In this project, we will modify an RC car to allow it to be controlled using Windows Remote Arduino via a Bluetooth connection! With Remote Arduino, it is possible to build a Universal Windows Application which will direct the car in any direction. We used a Lumia phone running Windows 10 to control the car with the built-in accelerometer!
You can download the "samples" repository here. This sample is "remote-controlled-car" inside the Win10 folder. Make sure to clone the repository recursively so that you also obtain a copy of the library (more info in the readme)!
If you'd prefer to create your own project, follow the project set up guide here
You can find the Windows Remote Arduino repository here
See the pictures below for an image-based overview of the set up process.
We're going to remove the existing circuitry and add our own Arduino and motor controller (shield). You can technically use the existing circuitry to drive the motors, but the work involved in doing so can be much more complicated and varies wildly from car to car! This solution, while requiring more parts, is much more general. At any rate, make sure to remove the battery before taking the car apart!
- Unscrew the bottom frame from the rest of the car
- Remove the wire connectors from the circuit board while removing the top of the frame from the bottom
- Unscrew the circuit board and cut the wires away. You can discard the board if you wish, we won't need it again.
- Prepare the Arduino and motor shield by sliding the shield down directly over the Arduino.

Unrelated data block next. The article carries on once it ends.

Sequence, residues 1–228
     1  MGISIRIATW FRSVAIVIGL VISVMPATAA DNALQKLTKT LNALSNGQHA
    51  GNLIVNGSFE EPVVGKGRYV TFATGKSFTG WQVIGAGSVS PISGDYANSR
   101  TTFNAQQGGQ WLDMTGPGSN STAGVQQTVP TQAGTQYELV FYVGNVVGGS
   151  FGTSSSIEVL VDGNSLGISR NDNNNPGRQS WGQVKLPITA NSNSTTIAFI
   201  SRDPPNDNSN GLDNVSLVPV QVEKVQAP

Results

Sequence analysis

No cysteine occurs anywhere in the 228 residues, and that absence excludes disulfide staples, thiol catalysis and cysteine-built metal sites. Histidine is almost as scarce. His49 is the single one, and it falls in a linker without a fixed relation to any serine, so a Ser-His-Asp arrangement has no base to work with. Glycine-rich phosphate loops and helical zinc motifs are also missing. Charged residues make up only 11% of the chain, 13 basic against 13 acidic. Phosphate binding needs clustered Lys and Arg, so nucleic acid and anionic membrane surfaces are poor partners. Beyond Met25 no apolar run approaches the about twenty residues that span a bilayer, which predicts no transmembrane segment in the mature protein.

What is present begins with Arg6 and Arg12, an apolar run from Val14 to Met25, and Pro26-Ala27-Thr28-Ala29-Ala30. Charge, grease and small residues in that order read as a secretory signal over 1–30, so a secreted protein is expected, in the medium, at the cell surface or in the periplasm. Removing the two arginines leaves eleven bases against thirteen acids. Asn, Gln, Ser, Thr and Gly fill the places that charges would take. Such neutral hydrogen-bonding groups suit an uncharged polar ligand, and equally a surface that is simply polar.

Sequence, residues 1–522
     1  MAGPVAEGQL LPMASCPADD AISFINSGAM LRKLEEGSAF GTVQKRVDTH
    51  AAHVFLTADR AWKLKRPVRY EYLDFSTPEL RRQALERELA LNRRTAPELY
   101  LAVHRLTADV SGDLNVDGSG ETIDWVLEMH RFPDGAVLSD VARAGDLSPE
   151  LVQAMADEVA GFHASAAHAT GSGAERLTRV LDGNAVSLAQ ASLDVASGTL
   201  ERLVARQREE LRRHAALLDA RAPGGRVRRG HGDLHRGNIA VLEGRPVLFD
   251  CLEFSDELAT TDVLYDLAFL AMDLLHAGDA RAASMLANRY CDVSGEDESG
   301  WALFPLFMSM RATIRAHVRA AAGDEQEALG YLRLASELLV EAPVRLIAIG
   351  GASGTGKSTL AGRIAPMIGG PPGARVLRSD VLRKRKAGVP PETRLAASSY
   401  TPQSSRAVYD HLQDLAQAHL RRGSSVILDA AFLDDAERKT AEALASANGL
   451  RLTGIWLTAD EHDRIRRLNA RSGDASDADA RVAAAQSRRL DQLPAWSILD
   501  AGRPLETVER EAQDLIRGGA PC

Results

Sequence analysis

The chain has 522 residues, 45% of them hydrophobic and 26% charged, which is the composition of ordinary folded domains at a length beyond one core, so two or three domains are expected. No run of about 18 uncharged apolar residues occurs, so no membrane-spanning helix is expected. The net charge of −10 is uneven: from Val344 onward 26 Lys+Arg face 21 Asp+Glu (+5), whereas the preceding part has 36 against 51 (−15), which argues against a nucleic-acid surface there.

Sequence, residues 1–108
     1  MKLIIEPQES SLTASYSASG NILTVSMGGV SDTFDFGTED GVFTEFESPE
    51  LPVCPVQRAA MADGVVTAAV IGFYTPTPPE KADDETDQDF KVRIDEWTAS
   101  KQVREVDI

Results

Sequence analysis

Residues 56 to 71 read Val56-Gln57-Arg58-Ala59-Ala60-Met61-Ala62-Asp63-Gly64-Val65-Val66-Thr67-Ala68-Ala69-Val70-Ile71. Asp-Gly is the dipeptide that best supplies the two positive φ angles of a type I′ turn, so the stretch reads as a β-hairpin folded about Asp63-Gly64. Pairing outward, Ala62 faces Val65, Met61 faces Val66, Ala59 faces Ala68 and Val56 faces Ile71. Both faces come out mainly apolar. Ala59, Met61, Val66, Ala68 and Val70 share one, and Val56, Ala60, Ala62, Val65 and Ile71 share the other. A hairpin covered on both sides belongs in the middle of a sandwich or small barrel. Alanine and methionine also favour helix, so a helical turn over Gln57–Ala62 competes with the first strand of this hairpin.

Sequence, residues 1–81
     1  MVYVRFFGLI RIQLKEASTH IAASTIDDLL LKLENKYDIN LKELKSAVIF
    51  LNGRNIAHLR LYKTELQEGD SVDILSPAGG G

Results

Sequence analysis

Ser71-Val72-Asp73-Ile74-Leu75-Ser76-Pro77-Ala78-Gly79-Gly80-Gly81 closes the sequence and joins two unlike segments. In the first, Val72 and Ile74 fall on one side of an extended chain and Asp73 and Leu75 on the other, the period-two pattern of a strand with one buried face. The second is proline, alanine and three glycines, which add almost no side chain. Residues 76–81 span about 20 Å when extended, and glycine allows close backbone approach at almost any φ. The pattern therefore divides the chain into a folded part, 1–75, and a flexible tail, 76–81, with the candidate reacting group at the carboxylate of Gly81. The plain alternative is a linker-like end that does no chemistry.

- Verify that all jumpers on the motor shield are in the correct orientation. The Velleman ka03 I am using has five total jumpers! Four are used to select the control pins for the motors. The most important one controls where the motor power comes from, so you'll need to decide if the RC car battery will continue to power only the motors (EXT) or the Arduino as well (INT). If you use internal power, you'll need a barrel jack to hook the power/ground wires up to before inserting it onto the Arduino's DC port.
- Attach the leads from each motor to a terminal on the motor shield. I've hooked up the front (left/right) motor to terminal 1 and the back (forward/back) motor to terminal 2.
- Attach the power leads to either the external power terminal on the motor shield (EXT) or to a barrel jack which will be plugged into the Arduino to power both devices at the same time (INT). I am using internal power, which is more than sufficient for the car that I am using!
- Last, hook up the Bluetooth device to the Arduino by connecting a wire from TX on the Arduino to RX on the Bluetooth device and vice-versa. Also connect it to power and ground!
That is the last of the hardware setup steps! You'll eventually want to secure the board down using a custom mount or zip ties!
Note: This RC Car that I am using uses a small motor for left/right which is designed to turn until it stalls, which then draws a lot of current. It is technically working as intended, and is OK to leave the way it is as long as your motor shield can supply the power it draws. However, I've gone ahead and added a 5w 10Ω resistor to the front motor to reduce the amount of current required.
Download the sample repository here. You'll find "remote-controlled-car" inside the W10 directory. This sample uses a Windows 10 phone's accelerometer to drive the car! If you are using a different pin configuration to control the motor shield, you'll want to locate and change the pin values for the following variables inside ControlPage.xaml.cs:
FB_DIRECTION_CONTROL_PIN = 8;
FB_MOTOR_CONTROL_PIN = 9;
LR_DIRECTION_CONTROL_PIN = 2;
LR_MOTOR_CONTROL_PIN = 3;
Or just modify the source to use the default (zero-argument) constructor of
BluetoothSerial which will attempt to connect to each Bluetooth device you are paired to until it is successful with one.
If you'd prefer to create your own project, follow the project set up guide here.
As usual with Windows Remote Arduino, you only need to program your Arduino device to run "StandardFirmata" (you can find this in the "Firmata" folder in the included libraries. Just make sure to change the baud rate in the sketch to match your device. The BlueSmirf runs at 115200 by default. There are more detailed instructions here.